The Communist Party’s leaders have long bristled at outside criticisms of their authoritarian governance, calling them intrusions on national sovereignty. As the recent developments show, though, confrontations with the United States have become more frequent, reflecting the party’s increasingly iron-fisted approach to dissent under Mr. Xi.

The United States and the European Union have imposed sanctions on Chinese officials over Beijing’s sharp response to the 2019 pro-democracy protests in Hong Kong, as well as to the Xinjiang crackdown.

American officials have also expressed concern about labor programs involving workers from Xinjiang who are transferred to factories and cities. The idea behind such transfer programs is that steady work can alleviate poverty and instill loyalty, but experts say the programs amount to forced labor.

China flatly denies that and says its policies in Xinjiang are meant to curb religious extremism. Officials have called accusations of genocide the “lie of the century.”

The United States has used its naval and air might to enforce order across the Pacific region since the end of World War II. This is not a state of affairs that China will accept for the long term.

As China has built up its military presence in the region, the Biden administration has sought to widen America’s alliances with Australia, Japan, India and other nations. Beijing regards such actions as dangerous provocations meant to secure American “hegemony.”

A major potential flash point is Taiwan, the self-governing, democratic island that the Communist Party regards as Chinese territory. Mr. Xi has vowed to achieve the “great rejuvenation of the Chinese nation,” a project that includes bringing Taiwan under Chinese control. China has flown more and more warplanes into the airspace near Taiwan, sending a reminder that it has never ruled out annexing the island by force.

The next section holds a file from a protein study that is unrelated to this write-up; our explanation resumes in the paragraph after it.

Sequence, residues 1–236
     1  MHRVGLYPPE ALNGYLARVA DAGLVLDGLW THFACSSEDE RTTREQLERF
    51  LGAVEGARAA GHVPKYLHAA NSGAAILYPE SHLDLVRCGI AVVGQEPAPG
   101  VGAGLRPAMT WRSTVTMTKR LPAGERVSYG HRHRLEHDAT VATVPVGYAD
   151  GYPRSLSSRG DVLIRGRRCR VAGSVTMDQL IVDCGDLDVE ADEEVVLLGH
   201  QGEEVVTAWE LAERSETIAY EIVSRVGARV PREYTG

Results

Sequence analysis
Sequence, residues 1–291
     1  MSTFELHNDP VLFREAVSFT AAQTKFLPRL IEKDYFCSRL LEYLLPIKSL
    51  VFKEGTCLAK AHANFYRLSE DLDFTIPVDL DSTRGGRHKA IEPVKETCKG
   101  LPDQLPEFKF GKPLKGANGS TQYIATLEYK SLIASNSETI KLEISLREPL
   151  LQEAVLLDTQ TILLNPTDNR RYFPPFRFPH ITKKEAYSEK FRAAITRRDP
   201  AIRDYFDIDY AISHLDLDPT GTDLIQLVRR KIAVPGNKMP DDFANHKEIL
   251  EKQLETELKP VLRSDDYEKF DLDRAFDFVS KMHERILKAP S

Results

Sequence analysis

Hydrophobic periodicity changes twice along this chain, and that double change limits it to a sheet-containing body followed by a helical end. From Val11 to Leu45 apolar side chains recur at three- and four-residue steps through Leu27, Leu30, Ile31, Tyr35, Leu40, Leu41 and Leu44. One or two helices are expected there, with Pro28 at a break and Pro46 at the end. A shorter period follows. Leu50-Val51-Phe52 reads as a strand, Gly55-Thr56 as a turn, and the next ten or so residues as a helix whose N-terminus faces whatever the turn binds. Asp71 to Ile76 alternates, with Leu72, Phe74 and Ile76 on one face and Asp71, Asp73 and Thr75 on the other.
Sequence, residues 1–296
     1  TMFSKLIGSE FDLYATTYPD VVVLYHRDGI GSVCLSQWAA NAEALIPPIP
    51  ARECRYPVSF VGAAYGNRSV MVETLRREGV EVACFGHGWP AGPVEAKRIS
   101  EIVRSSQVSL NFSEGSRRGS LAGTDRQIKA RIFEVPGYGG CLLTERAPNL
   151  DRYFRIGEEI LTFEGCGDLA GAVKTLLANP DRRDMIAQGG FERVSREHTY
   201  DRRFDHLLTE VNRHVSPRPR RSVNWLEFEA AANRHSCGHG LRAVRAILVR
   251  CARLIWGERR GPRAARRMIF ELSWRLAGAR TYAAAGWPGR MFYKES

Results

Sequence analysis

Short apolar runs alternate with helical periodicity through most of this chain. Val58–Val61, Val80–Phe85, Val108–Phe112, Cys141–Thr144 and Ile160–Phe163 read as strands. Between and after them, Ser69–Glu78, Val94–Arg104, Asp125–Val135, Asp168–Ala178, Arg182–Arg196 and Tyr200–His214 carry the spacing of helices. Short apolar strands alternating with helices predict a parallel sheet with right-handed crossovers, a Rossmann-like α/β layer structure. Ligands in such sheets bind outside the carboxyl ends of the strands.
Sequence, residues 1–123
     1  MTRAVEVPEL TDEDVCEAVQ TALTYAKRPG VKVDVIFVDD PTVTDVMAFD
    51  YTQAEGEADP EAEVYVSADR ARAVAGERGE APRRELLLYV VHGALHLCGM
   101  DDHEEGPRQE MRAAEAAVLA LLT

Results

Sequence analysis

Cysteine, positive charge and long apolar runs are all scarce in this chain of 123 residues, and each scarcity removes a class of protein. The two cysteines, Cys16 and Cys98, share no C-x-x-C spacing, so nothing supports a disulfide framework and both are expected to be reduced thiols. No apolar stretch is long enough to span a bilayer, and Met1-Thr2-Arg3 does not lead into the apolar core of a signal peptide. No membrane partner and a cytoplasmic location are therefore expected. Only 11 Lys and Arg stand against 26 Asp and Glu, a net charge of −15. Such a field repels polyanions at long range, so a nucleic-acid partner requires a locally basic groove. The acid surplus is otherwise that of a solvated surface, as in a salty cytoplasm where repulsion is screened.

American presidents have long been vague about how forcefully the United States would come to Taiwan’s defense. This “strategic ambiguity” is meant to avoid provoking Beijing and signal to the island’s leaders that they should not declare independence with the idea that America would have their back.

Even so, the administrations of both Mr. Biden and former President Donald J. Trump have stepped up support for Taiwan. American warships have sailed through the Taiwan Strait. Small teams of troops have conducted training with the Taiwanese military.

Asked in October whether the United States would protect Taiwan, Mr. Biden said bluntly: “Yes, we have a commitment to do that.”

The White House quickly said his remark did not represent a change in policy.

The trade war started by the Trump administration is technically on pause. But the Biden team has continued protesting China’s economic policies that led Mr. Trump to begin imposing tariffs on Chinese goods, including Beijing’s extensive support for steel, solar cells, computer chips and other domestic industries.

“These policies have reinforced a zero-sum dynamic in the world economy,” Katherine Tai, the United States trade representative, said in October, adding that “China’s growth and prosperity come at the expense of workers and economic opportunity here in the U.S.”